<input type="text" class="search-input" value="${message(code:'search.box.search')}" name="search" id="search-phrase" maxlength="100"/>
                <input type="submit" value="${message(code: 'search.box.submit')}" />
            </fieldset>
        </g:form>
    </div>

    <div id="navmenu">
        <ul>
            <li><g:link uri="/"><g:message code="nav.home"/></g:link></li>
            <li><g:link controller="product" action="list"><g:message code="nav.products"/></g:link></li>
        </ul>
    </div>
</div>

<g:layoutBody/>

<div id="footer">
    <p>Copyright © 2011 Hubert A. Klein Ikkink - <a href="http://www.mrhaki.com">mrhaki</a></p>
</div>
</body>
</html>

The layout for the homepage is defined by fiveblocks.gsp in the layouts directory. We change this file and use <g:applyLayout/> to apply the main page layout instead of using <meta name="layout" content="page"/>:

<%-- File: grails-app/views/layouts/fiveblocks.gsp --%>
<g:applyLayout name="page">
    <html>
    <head>
        <title><g:layoutTitle/></title>
        <g:layoutHead/>
    </head>
    <body>
    <div id="banner">
        <g:pageProperty name="page.banner"/>
    </div>

    <div id="left">
        <g:pageProperty name="page.left1"/>
        <g:pageProperty name="page.left2"/>
        <g:pageProperty name="page.left3"/>

        <div id="box-left">
            <g:pageProperty name="page.box-left"/>
        </div>

        <div id="box-right">
            <g:pageProperty name="page.box-right"/>
        </div>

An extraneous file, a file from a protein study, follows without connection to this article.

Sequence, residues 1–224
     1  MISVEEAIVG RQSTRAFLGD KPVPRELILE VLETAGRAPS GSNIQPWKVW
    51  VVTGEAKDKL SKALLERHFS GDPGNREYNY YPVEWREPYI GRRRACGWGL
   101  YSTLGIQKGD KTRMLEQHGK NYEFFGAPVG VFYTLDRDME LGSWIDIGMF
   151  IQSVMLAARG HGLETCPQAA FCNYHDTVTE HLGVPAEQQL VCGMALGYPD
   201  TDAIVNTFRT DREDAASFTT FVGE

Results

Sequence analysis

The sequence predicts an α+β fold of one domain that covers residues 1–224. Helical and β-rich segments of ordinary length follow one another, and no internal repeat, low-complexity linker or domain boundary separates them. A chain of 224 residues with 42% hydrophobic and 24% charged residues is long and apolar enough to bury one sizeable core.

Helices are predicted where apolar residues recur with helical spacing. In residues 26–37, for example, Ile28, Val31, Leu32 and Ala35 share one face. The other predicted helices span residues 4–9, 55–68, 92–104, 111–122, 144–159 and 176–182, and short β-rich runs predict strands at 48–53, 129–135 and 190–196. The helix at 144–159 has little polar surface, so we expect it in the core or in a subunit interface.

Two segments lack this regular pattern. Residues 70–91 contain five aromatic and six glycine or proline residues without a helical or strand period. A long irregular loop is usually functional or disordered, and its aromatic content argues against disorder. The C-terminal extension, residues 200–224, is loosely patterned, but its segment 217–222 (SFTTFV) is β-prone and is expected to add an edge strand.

</div>

    <div id="right">
        <g:pageProperty name="page.right1"/>
        <g:pageProperty name="page.right2"/>
        <g:pageProperty name="page.right3"/>
    </div>
    </body>
    </html>
</g:applyLayout>

And now we use <meta name="layout" content="fiveblocks"/> in the homepage Groovy server page and define the content for our Sitemesh content blocks.

<%-- File: grails-app/views/templates/homepage.gsp --%>
<html>
<head>
    <meta name="layout" content="fiveblocks"/>
    <title><g:message code="title.homepage"/></title>
</head>
<body>
<content tag="banner">
    <h1>Welcome to Grails Layout Demo</h1>
</content>

<content tag="left1">
    <p>...</p>
</content>

<content tag="box-left">
    <p>...</p>
</content>

<content tag="box-right">
    <p>...</p>
</content>

<content tag="right1"> 
    <p>...</p> 
</content> 
</body> 
</html> 

We notice the changes aren't big compared to the previous solution, but using <meta name="layout" content="..."/> in the views is more compliant to what we already learned when using layouts in views.

Also keep in mind Peter Ledbrook's warning about having layouts nested more than one deep:

Finally, if you do have layouts nested more than one deep (not necessarily a good idea, but that's what grails.org is currently doing) then it's worth noting that every layout must have the <g:layout*/> and <g:pageProperty/> tags, otherwise the contents don't propagate properly.

Sources of the sample Grails application can be found at GitHub.

April 5, 2011

Grails Goodness: Add Additional Web Application to Tomcat